A Long Non-coding RNA and its Potential Role in Human Myeloid Leukemia
Received Date: February 23, 2021; Published Date: March 08, 2021
Over the past ten to fifteen, lncRNAs have been discovered to be expressed widely in eukaryotes and function as regulators of many diverse biological processes. We have identified a novel long non-coding RNA (lncRNA) that, as our early evidence indicates, participates in maintaining the undifferentiated and proliferative state of human myeloid leukemia-derived cells. With the accumulating evidence that lncRNAs act in regulating genes required for proper cell differentiation, the enhanced expression of the lncRNA we identified in myeloid leukemias and its apparent role in maintaining the proliferative state of these cells is quite significant, both in terms of understanding lncRNA function, and the potential design of novel therapeutics for myeloid leukemias.
Keywords: Long noncoding RNA; Leukemia; Differentiation
Over the past decade, long non-coding RNAs (lncRNAs) have been discovered to function as regulators of gene expression and numerous biological processes. They are transcribed from loci throughout the genomes of most eukaryotes [1-7]. and reports indicate that many lncRNAs are involved in the regulation of pluripotency and differentiation [8-14]. Although the mechanisms by which these lncRNAs function are still being explored, one model that has emerged states that nuclear lncRNAs modulate gene expression through interactions with histone modifying proteins and/or transcription factors [6-7, 12, 15-18].
Other lncRNAs function in the cytoplasm [19-21]. Lnc-MD1, for example, is a muscle-specific lncRNA that regulates muscle differentiation by binding to microRNAs (miRNA) and limiting their availability to regulate gene expression . Another lncRNA, TINCR, is induced during epidermal differentiation and interacts with a number of differentiation-specific mRNAs to regulate their stability . These, and other results, demonstrate that lncRNAs can act to regulate genes required for cell differentiation through multiple mechanisms [13, 21- 23]. Furthermore, enhanced expression of some lncRNAs have been shown to contribute to certain cancers as well. SAMMSON for example, is a lncRNA expressed at elevated levels in melanomas and its inhibition resulted in decreased viability of human melanoma-derived cells . Likewise, numerous lncRNAs, including the one we describe here have been implicated in contributing to acute myeloid leukemia [25-28].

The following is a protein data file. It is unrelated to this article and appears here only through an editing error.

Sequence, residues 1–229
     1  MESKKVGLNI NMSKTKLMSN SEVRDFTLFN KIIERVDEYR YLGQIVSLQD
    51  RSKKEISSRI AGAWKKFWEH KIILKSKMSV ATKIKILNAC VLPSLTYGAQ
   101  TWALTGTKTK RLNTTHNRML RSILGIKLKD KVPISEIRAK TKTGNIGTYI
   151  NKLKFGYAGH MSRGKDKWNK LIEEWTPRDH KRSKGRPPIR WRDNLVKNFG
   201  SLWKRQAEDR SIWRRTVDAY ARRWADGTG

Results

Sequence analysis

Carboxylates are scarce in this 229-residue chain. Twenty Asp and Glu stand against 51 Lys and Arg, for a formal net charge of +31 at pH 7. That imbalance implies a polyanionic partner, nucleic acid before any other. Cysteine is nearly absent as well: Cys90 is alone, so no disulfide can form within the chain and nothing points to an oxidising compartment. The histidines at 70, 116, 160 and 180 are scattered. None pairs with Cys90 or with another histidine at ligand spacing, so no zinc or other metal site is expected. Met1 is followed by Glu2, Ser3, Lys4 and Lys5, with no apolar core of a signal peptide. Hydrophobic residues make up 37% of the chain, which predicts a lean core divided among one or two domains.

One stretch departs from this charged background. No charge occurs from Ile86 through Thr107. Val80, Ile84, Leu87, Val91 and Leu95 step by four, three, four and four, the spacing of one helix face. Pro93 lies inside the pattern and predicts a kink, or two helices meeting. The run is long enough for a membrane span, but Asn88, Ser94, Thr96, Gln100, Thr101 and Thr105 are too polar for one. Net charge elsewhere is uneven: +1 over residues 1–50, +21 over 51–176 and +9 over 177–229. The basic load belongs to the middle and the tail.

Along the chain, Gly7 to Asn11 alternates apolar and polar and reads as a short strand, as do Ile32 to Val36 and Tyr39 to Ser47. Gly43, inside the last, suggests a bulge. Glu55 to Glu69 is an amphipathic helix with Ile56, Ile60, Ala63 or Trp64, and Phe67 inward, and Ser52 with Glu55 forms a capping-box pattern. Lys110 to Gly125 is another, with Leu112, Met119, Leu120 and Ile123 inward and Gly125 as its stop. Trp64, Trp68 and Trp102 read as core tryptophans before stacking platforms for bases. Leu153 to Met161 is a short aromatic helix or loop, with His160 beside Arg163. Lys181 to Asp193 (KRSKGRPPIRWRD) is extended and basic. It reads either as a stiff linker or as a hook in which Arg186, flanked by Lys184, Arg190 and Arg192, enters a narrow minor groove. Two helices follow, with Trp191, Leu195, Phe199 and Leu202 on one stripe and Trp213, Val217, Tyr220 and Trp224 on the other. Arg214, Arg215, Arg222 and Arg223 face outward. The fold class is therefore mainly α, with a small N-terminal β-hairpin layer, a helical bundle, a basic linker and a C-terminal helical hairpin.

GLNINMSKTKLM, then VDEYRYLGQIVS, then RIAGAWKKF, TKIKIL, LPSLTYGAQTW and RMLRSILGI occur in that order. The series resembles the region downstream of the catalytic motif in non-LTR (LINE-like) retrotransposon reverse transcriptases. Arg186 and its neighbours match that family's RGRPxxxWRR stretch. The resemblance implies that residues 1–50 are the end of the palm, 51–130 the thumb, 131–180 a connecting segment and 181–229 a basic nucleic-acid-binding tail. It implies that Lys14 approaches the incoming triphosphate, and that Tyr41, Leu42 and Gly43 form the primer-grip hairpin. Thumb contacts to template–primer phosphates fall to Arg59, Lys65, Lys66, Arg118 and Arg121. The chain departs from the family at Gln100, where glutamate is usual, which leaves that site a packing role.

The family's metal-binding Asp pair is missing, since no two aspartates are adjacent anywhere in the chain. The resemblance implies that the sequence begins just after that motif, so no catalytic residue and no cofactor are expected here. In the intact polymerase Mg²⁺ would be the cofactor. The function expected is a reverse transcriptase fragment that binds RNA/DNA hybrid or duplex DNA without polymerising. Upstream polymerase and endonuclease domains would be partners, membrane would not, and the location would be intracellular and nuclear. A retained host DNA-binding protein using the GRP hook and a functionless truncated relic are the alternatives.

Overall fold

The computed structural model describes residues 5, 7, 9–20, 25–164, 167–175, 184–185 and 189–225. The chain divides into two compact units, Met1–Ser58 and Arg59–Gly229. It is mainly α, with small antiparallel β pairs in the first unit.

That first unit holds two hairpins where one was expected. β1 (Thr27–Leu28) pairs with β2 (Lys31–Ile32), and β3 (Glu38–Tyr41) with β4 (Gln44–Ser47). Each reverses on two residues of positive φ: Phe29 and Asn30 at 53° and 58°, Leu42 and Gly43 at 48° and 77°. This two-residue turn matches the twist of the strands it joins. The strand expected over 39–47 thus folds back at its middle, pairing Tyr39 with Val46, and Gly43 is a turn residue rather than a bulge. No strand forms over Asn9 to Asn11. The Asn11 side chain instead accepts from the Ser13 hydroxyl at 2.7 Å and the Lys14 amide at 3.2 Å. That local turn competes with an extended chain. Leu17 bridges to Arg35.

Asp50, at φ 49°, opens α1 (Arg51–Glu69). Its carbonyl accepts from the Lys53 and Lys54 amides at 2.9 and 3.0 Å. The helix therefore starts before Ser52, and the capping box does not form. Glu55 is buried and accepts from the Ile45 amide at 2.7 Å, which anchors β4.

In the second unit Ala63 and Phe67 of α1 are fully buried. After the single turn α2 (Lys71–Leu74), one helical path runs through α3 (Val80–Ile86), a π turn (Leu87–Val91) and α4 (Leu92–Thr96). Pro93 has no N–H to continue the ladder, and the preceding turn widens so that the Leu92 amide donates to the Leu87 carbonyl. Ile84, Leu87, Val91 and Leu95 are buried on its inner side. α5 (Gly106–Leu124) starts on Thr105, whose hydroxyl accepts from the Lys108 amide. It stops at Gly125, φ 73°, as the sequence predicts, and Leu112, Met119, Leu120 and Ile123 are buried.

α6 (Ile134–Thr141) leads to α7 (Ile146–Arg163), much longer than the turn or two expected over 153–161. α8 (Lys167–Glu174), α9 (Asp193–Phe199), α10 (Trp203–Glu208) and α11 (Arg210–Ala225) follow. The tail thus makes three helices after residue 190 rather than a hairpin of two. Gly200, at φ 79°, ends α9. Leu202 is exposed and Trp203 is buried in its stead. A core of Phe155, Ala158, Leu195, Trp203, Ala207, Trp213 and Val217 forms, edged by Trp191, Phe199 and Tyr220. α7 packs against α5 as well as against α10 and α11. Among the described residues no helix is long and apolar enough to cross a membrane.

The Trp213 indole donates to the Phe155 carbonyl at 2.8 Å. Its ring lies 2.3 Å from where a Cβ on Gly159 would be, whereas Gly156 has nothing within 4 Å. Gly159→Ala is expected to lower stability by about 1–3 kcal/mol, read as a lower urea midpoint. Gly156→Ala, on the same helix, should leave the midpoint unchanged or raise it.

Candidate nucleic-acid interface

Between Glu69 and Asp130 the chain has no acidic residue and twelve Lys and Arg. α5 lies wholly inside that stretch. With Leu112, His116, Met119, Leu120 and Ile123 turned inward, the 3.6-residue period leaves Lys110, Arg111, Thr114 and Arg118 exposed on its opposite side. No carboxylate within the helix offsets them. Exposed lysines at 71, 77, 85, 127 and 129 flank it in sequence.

Identification of a lncRNA transcribed from exon 1 of the p53 gene
A few years ago, as described below, we identified a lncRNA, designated as lncRNAp53Int1, that exhibits enhanced expression in myeloid leukemias, that functions to maintain the proliferative state of leukemic cells . To date, our findings indicate that lncRNAp53Int1 functions in the cytoplasm, and through interactions with as yet unidentified RNA molecules or proteins, contributes to oncogenic transformation by suppressing the differentiation of myeloid progenitor cells. Inhibiting its activity or the activity of its targets is predicted to lead to differentiation and cessation of proliferation.
lncRNAp53int1 is linked to the differentiation of human myeloid leukemia cells
A number of years ago, we identified a transcription unit located in the 1st intron of the human p53 tumor suppressor gene that encoded a RNA transcript that had no identifiable open reading frame for protein synthesis . This transcript was later classified as a lncRNA [19, 30-31] and is listed as GC17M015273 in the GeneCard Human Gene Database (http://www.genecards.org) and NONHSAG020729 in NONCODE v4 (http://www.noncode. org). The lncRNAp53Int1 transcript is approximately 1125 nucleotides in length, is polyadenylated, and contains no introns. While there appears to be no functional or regulatory relationship to p53 itself, the abundance of this lncRNA is significantly reduced during differentiation of human myeloid leukemia cells . We hypothesize that lncRNAp53Int1 plays a crucial role in maintenance of the undifferentiated proliferative state in myeloid leukemia. That lncRNAp53Int1 is expressed in immature cell types is supported by lncRNA expression data collated in various publicly available databases. Although expressed in a variety of human tissues, tissues found to express the highest levels of lncRNAp53Int1 include those that contain proliferative and immature cell types such as lymph node, foreskin fibroblasts and umbilical endothelial cells.
Myeloid leukemias are characterized by genetic alterations that lead to a complete or partial block at various stages of myeloid differentiation and subsequent proliferation of myeloid progenitor cells [32-36]. That lncRNAp53Int1 appears to block differentiation of human myeloid leukemia cells is noteworthy because the ability to induce differentiation of acute myeloid leukemias is used as one therapeutic strategy [34, 37-40]. The discovery of a regulatory role for lncRNAp53Int1 in leukemia cell differentiation and the ultimate identification of its cellular targets could provide researchers with new pathways to target in the development of novel therapeutics for acute myeloid leukemias [41-42]. Silencing this lncRNA or one or more of its interacting molecules could potentially lead to an effective way to inhibit proliferation through the induction of terminal differentiation.
DR acknowledges funding from the Children’s Leukemia Research Association.
Conflict of Interest
No conflict of interest.
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